Updated: Nov 21, 2020
We hear a lot about fasting these days, currently intermittent fasting, to aid weight loss and ‘detox’! However, for those of us living in Cyprus, we all hear about Orthodox Lent, which is a 40-day period of fasting before Easter. The purpose of Lent is to cleanse the body and the spirit in preparation for accepting the Resurrection at Easter, which is the most sacred of all observances in the Greek Orthodox faith! In addition to cleansing the body and spirit, Lent is also a traditional time for spring cleaning, the houses get a whitewash outside and coat of paint inside along with cleaning out cupboards and drawers, etc.
In Cyprus and Greece Lent begins on Clean / Green Monday, it’s a public holiday celebrated with picnics, feasting and kite flying, marking the start of 40 days abstinence from meat, poultry, fish, dairy and eggs from Monday to Saturday. It’s a happy celebration with much cheer and joy and wishes of ‘Kali Sarakosti’ (happy forty days). Typically, in the few days before Clean Monday, the fridge would be emptied of non-fasting foods in readiness for many delicious vegan stews, dishes, salads and much more. One can see the health benefits of this type of fasting, the Lenten dishes consisting of delicious combinations of herb flavoured rice, black eyed peas, beans or lentils baked or as salads , pies with greens, pickles, spring onions, lettuce leaves, dips made with eggplant, chickpeas, fava (split yellow pea puree) and all vegetables.
So, whatever your reason for fasting, here are a couple of our favourite Lenten recipes for you to enjoy!
Stuffed tomatoes are another in the delicious line of traditional Greek stuffed vegetables, or gemistes. This recipe also features the very Greek use of sweet, dried fruits in savoury dishes.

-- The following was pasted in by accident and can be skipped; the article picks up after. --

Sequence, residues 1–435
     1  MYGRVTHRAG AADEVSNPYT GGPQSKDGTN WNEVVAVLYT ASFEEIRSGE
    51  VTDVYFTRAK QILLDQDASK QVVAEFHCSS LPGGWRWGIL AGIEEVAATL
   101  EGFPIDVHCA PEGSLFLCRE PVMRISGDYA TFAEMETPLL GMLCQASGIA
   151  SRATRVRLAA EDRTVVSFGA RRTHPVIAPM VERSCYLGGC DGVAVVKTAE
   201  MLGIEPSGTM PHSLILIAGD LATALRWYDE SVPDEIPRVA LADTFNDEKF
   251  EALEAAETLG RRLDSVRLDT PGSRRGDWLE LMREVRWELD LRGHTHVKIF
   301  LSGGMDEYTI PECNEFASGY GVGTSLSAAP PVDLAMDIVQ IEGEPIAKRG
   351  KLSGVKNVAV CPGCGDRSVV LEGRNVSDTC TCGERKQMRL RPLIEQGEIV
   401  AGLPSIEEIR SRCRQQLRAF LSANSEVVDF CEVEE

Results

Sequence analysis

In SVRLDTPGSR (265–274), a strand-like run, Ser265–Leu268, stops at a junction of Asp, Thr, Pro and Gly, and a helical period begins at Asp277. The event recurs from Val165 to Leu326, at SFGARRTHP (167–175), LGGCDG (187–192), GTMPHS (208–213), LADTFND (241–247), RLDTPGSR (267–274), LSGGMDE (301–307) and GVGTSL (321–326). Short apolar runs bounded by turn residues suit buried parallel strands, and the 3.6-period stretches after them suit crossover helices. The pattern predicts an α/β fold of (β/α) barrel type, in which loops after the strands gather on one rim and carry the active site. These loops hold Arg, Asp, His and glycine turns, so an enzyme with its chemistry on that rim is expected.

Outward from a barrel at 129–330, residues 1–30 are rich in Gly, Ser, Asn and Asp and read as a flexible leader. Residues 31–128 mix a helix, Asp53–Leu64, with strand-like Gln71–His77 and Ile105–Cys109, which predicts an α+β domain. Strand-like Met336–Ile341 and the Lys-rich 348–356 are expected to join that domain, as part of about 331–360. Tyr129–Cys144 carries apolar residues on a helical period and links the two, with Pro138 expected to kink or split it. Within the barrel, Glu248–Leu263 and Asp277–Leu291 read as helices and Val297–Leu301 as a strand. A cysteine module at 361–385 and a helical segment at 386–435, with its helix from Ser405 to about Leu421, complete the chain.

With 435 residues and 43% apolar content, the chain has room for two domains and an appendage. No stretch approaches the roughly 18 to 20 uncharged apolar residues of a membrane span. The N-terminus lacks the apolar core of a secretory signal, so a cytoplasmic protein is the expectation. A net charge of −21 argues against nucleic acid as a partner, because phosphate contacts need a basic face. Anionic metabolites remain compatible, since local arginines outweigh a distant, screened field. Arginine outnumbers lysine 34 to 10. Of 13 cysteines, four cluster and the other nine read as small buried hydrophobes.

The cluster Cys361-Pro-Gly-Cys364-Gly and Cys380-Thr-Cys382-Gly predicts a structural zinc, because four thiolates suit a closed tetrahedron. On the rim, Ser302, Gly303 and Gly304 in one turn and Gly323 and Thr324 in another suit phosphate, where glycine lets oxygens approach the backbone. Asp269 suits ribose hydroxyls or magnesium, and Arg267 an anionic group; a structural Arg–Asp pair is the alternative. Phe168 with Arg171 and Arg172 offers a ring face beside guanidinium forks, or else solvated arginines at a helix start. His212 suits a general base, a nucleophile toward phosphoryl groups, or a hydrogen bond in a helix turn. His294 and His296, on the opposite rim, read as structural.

8 large tomatoes
1 cup chopped onion
1 cup (uncooked) rice
1⁄2 cup olive oil
1⁄4 cup currants
1⁄4 cup pine nuts
1⁄4 cup fresh mint
1⁄4 cup fresh dill
2 cups water
11⁄2 tsp salt and pepper
1 cup of tomato insides, mashed
3⁄4 cup warm water (in addition to 2 cups above)
Slice off top of each tomato to make small lids.
Scoop out insides of tomatoes and save 1 cup. Mash tomato insides well and set aside.
Toast pine nuts in pan over medium heat for 2-3 minutes until very lightly brown. Finely chop and combine fresh herbs. Set aside.
Sauté onions until soft then stir in rice and cook on low for 5 minutes. Add pine nuts, currants, herbs, tomato insides, rice and 2 cups water. Bring to simmer, cover and cook for 10 minutes.
Allow filling to cool for approximately 10 minutes before filling tomatoes. You can make filling up to 5 days ahead of time and keep covered in refrigerator until ready to fill/bake. Remember to bring to room temperature before using.
When ready to bake, fit tomatoes into a pan which holds them snuggly and fill each tomato to the top with rice filling. Cover filled tomatoes with lids and brush tops and sides with olive oil. Add 3⁄4 cup warm water to the bottom of the pan in between stuffed tomatoes and bake for 1 1⁄2 hours in 375° oven.
Greek Style Fried Zucchini
When your garden is overflowing with zucchini this fried zucchini recipe is a simple and easy vegetable dish that is great for parties and get-together.
2 lbs. Zucchini
Flour (Use gluten-free if following a gluten-free diet)
Olive oil for frying
Mix salt and pepper into flour. Dip each into the seasoned flour and shake off any excess.
Heat olive oil in a large frying pan.
Fry a few zucchini slices at a time in the hot oil until golden brown.
Serve with skordalia or tzatziki dipping sauces.
Skordalia recipe (Traditional Greek Potato and Garlic dip)
If you love garlic, then you have to try this amazing traditional Greek skordalia recipe! Skordalia is a rich and hearty Greek potato dip, which takes its name by the basic ingredient used to prepare it and is of course skordo (garlic).
5–6 medium potatoes
5–7 cloves of garlic (according to preference)
2 tbsps red wine vinegar
1/2 a cup extra virgin olive oil
1/2 a cup water (from the boiled potatoes)
1 tbsp salt
Wash and peel the potatoes and place them in a large saucepan. Cover with cold water and bring to the boil. Lower the heat to a gentle simmer and cook for about 30 minutes until tender. Drain them in a colander and keep 1/2 a cup of the boiling water.
In a food processor add 1/2 a cup of the boiling water, the garlic, red wine vinegar and season with salt. Blend until the garlic is diluted. Cut the potatoes in pieces, add them in the food processor and blend to combine. Pour in the olive oil a little bit at a time, whilst blending, like making mayonnaise. Blend until the oil is incorporated and the mixture is smooth and creamy.
When making a skordalia recipe, it is essential, that the potatoes are hot. If the potatoes are cold, then it will be difficult to combine the ingredients and the skordalia will become lumpy.